A racially offensive photo of First Lady Michelle Obama recently appeared as a top search result under Google Images, leading to a handful of complaints by Google users and requests to remove the image from the search results altogether. Of course Google did not remove the image, and reminded users that sometimes offensive images appeared in search results. Their exact statement earlier was “Sometimes our search results can be offensive. We agree.” And a further update has changed that statement to “Sometimes Google search results from the Internet can include disturbing content, even from innocuous queries. We assure you that the views expressed by such sites are not in any way endorsed by Google.”
Either way, Google is doing the right thing. To remove the image, however offensive, is a form of censorship, and at what point do you draw the line? The image has been removed from its linked location now, and in its place appears an apology written in very broken English. This is not Google’s doing, but the owner of the site that put the image up. The image itself is likely to appear again, elsewhere, and will probably be seen by a lot more people just because of the controversy surrounding it.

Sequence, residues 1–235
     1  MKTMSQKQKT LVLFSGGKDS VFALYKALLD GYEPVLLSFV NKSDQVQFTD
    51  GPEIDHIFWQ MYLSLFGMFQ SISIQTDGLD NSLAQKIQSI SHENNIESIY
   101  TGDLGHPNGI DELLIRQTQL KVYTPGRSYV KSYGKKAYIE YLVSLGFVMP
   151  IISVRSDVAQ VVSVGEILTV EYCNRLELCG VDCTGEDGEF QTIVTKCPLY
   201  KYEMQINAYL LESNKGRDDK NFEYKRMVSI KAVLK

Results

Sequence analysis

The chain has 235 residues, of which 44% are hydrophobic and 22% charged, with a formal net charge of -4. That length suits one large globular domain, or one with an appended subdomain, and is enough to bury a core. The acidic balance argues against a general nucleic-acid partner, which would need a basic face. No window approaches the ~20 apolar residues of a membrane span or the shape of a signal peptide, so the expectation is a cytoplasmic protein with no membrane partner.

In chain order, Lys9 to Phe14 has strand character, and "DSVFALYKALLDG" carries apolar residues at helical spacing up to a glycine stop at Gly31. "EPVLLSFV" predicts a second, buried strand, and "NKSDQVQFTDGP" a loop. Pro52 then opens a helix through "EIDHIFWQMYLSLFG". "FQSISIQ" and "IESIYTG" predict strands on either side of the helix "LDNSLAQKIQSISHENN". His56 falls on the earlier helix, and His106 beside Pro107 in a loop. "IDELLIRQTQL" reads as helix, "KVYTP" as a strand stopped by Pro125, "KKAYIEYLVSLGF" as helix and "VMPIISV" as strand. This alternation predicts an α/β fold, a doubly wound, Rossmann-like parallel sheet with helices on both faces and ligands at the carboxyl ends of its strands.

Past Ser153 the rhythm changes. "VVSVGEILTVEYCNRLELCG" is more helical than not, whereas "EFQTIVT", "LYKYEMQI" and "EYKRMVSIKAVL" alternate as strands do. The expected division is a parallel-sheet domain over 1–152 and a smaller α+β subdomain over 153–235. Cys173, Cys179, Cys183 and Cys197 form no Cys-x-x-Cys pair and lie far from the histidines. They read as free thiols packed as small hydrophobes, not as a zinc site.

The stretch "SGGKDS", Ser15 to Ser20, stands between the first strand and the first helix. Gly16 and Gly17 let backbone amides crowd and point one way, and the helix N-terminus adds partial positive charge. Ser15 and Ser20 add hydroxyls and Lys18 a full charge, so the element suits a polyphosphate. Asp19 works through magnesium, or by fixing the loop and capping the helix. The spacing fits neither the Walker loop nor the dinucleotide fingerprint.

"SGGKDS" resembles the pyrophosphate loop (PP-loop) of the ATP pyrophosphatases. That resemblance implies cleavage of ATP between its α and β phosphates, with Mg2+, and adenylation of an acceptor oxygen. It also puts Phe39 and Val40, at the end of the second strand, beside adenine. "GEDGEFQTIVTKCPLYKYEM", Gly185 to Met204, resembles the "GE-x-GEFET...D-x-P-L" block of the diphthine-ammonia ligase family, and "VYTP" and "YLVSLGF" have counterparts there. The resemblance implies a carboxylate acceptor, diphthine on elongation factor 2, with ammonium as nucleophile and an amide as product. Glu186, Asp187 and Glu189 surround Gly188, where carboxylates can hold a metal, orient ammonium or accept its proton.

Censorship is never the answer to issues like this. The very nature of the World Wide Web, and search engines, would make such a thing impossible to maintain. And one person’s idea of “offensive” is another person’s definition of “satire.” I, for one, am glad for the diversity of not only my country, but my travels on the Internet as well. While I might find something offensive or off-color, I can easily avoid or back out of things I find that bother me. So can everyone else. As an American, I value my free speech highly, and do not want to see those rights trampled. The cost of that right of free speech is that occasionally, other people’s free speech may be offensive to us. But I support their right to free speech as much as I support my own right to it. You cannot have one without the other.
This story is making the rounds on all the news sites, and I expect there will be more about this in the days to come. Maybe we’ll get lucky and the American Thanksgiving Holiday will distract everyone and we can move on.
Google is the messenger, not the message, and I applaud them for doing the right thing in this case, which was to leave the image alone.
(Kudos to anyone who gets the Star Wars reference in the title.)